UMass Boston

Professor Chris Bobel Receives Fulbright Scholar Award

06/27/2024| Crystal Valencia

Bobel to teach Gender Studies at Kadir Has University in Istanbul

Chris Bobel
Professor Chris Bobel
Image By: Javier Rivas

Professor of Women's, Gender, and Sexuality Studies Chris Bobel has received a Fulbright U.S. Scholar Program award to teach in Istanbul, Turkey this fall.

Through the prestigious Fulbright award, Bobel will teach PhD students in Gender Studies at Kadir Has University for a full academic year, an experience she says will challenge her in exciting ways as a public intellectual and feminist educator and mentor.

“I love travel as the best means of accessing and learning from cultures different than my own. And the chance to do my job in another place really excites me,” Bobel said. “Turkey is unique in its interesting tensions between East and West, the secular and the religious, and the traditional and modern. The complexities of Turkey today are a fruitful site for thinking critically about the gendered dimensions of a range of pressing social issues.”

A UMass Boston faculty member since 2001, Bobel teaches courses on Gender & the Body, Feminist Theory, Feminist Research Methods, Women in US Social Movements and Feminist Activism. She also coordinates the WGS Internship Program for WGS majors and minors.  Her scholarship lies at the intersection of social movements, gender, health and embodiment, or how feminist thinking becomes feminist doing at the most intimate and immediate levels. She is currently working on a book about grief-induced activism.

“It is an exciting time for Women’s, Gender and Sexuality Studies,” she said. “As a field, it has dramatically transformed in a matter of mere decades from a reparative integration of women’s lived experiences into existing disciplines to a global multi- faceted interdisciplinary and intersectional field of study made stronger by the very transnational debates and contestations at its core. Engaging Gender Studies in Turkey will have multiple ripple effects. I will meaningfully interact with the future arbiters of the field who hold its future in their hands, and I plan to continue to nurture the relationships I develop at Kadir Has University when I return home.”

In addition to teaching, she plans to mentor PhD students working on their dissertations and support junior faculty who need guidance with their research, writing, and publishing. Bobel said the opportunity to work with graduate students was a big draw for her. UMass Boston’s Women's, Gender, and Sexuality Studies is an undergraduate program, so Bobel has limited opportunities to work closely with graduate students.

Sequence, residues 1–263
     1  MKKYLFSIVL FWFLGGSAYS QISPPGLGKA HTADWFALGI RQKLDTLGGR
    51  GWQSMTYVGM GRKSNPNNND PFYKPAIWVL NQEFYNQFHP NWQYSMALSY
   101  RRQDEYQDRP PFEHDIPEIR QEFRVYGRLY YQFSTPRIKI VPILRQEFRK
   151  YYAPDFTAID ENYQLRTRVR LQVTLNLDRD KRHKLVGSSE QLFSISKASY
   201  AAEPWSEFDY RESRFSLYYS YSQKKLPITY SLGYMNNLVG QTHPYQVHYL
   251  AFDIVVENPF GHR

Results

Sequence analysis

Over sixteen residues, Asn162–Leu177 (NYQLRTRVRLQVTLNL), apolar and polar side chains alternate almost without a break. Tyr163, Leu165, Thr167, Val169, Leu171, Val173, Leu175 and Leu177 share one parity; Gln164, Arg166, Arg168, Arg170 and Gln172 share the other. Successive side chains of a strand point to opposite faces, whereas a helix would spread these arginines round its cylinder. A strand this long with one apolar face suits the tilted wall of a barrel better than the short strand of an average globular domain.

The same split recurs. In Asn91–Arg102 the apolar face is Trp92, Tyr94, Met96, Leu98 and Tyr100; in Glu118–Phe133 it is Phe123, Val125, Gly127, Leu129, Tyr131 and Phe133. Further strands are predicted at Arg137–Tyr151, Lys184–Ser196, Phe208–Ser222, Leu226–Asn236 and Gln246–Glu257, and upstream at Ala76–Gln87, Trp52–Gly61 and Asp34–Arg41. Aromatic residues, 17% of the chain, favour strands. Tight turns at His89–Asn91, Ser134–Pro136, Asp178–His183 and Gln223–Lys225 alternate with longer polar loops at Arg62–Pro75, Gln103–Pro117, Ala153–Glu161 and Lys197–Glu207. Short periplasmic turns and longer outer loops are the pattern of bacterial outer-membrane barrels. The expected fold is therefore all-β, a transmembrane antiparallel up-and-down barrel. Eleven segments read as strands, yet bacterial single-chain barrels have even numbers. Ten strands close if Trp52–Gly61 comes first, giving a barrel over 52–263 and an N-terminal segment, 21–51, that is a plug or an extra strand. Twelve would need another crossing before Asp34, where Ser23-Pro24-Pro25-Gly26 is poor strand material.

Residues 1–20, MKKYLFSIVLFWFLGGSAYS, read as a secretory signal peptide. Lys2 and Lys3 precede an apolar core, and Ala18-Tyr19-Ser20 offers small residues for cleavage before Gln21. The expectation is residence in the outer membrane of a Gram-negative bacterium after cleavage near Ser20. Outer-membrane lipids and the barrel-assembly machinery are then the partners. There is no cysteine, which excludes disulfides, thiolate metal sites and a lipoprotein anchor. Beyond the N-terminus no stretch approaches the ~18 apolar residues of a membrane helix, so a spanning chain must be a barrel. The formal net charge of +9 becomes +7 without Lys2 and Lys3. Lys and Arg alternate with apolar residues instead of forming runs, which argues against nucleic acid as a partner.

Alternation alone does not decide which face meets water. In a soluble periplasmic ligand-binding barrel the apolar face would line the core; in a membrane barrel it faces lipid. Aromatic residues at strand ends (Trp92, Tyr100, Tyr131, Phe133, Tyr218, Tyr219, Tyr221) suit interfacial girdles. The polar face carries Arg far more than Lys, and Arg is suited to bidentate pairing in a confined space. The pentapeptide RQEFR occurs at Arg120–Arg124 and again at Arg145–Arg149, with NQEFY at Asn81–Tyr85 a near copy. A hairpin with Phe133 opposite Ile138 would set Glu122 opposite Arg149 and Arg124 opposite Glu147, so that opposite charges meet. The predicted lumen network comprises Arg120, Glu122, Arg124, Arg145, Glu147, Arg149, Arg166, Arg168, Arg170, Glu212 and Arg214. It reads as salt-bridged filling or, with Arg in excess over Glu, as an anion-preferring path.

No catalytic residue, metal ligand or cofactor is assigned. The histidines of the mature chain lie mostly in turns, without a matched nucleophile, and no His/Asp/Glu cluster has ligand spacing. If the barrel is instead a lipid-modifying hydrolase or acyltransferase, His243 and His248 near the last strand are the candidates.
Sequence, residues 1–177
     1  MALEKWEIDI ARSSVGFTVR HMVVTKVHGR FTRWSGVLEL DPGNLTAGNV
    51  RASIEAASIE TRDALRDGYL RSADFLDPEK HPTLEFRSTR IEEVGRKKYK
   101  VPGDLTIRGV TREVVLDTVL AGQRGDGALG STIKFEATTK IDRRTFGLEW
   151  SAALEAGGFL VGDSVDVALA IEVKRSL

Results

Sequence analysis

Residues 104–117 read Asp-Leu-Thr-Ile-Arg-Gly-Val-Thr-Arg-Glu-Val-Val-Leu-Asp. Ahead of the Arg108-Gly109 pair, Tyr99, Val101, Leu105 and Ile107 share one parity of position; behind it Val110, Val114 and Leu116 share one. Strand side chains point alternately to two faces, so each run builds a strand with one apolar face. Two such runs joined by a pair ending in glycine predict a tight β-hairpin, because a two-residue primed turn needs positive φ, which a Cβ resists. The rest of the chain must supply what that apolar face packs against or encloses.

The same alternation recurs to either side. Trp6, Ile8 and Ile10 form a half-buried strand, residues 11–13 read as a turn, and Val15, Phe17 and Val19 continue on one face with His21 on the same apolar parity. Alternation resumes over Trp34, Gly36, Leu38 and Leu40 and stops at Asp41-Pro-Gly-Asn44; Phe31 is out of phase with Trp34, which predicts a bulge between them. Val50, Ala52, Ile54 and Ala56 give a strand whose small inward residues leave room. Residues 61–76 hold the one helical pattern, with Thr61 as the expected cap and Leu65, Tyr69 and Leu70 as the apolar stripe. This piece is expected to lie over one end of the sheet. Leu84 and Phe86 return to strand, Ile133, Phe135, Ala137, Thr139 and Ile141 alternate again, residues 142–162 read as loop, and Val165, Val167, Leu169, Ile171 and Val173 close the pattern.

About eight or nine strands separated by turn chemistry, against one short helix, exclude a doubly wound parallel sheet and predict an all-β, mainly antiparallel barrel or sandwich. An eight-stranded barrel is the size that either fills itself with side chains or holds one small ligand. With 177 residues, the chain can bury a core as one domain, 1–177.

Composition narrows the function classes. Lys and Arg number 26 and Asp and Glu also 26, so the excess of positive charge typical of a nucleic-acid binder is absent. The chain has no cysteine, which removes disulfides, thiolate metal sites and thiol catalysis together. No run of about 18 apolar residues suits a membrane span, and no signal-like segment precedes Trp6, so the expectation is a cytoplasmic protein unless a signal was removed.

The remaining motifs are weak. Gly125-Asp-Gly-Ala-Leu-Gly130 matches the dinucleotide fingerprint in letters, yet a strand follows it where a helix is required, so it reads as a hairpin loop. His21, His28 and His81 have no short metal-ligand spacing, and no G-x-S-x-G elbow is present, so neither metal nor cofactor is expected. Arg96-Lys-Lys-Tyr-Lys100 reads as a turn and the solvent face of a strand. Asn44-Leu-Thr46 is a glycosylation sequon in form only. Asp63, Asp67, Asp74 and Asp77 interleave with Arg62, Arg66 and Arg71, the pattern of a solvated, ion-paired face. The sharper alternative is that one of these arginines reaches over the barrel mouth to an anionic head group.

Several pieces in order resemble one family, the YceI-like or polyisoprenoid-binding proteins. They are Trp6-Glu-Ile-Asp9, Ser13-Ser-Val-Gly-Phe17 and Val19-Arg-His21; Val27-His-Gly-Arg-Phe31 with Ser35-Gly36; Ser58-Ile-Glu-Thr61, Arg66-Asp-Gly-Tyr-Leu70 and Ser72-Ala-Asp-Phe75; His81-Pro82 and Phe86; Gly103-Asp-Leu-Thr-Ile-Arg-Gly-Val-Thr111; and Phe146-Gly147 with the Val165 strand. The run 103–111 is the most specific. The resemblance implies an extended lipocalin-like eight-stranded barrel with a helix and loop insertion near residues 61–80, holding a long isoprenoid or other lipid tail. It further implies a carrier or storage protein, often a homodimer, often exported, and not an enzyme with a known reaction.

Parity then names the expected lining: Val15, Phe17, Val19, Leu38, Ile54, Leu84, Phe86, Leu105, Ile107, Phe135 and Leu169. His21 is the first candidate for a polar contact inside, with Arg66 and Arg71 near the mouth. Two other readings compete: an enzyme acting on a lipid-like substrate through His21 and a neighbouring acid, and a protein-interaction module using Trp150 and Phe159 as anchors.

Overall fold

“When I do get the chance, I really enjoy that work. So teaching PhD students in Gender Studies in Turkey for a full academic year—a place where the field is burgeoning in a really complicated political climate—will be a career culminating experience, and a chance to strengthen our field’s authority and impact,” she said.

Bobel says she has been using the Duolingo app to learn some Turkish language as she prepares for the trip, although she is struggling a bit.

“My partner and I have been watching Turkish films set in Istanbul and documentaries about Turkish history,” Bobel said. “I just checked out three highly recommend books about Istanbul. I have so much to learn! It is a bit daunting, but also thrilling and I feel very fortunate to have this opportunity.”

She finds the idea of living in Istanbul especially compelling.

“I have never lived in a megacity, so that alone really intrigues me (as does the delicious food and temperate climate, not to mention the famously friendly feral cats that roam the city ). What’s more, the city connects two continents—Europe and Asia. My life will be intercontinental, literally,” she said. “I will live in Asia and commute about one hour to my university in Europe. Being in such an old city with an incredibly rich history will be endlessly fascinating.”

Bobel is among more than 800 U.S. citizens who will teach or conduct research abroad for the 2024-2025 academic year through the Fulbright U.S. Scholar Program.

The Fulbright Program is the U.S. government’s flagship international educational exchange program and is supported by the people of the United States and partner countries around the world. The Fulbright Program is funded through an annual appropriation made by the U.S. Congress to the U.S. Department of State’s Bureau of Educational and Cultural Affairs.

Bobel says her time in Turkey will help her develop new strategies, and strengthen existing ones, that she hopes will benefit her students and colleagues when she returns to Boston.

“Every time I teach and every time I mentor a student or a colleague, I improve my practice, and this benefits those I serve as well as my own work as a scholar and writer,” she said. “I will make mistakes, and I hope I learn from them.”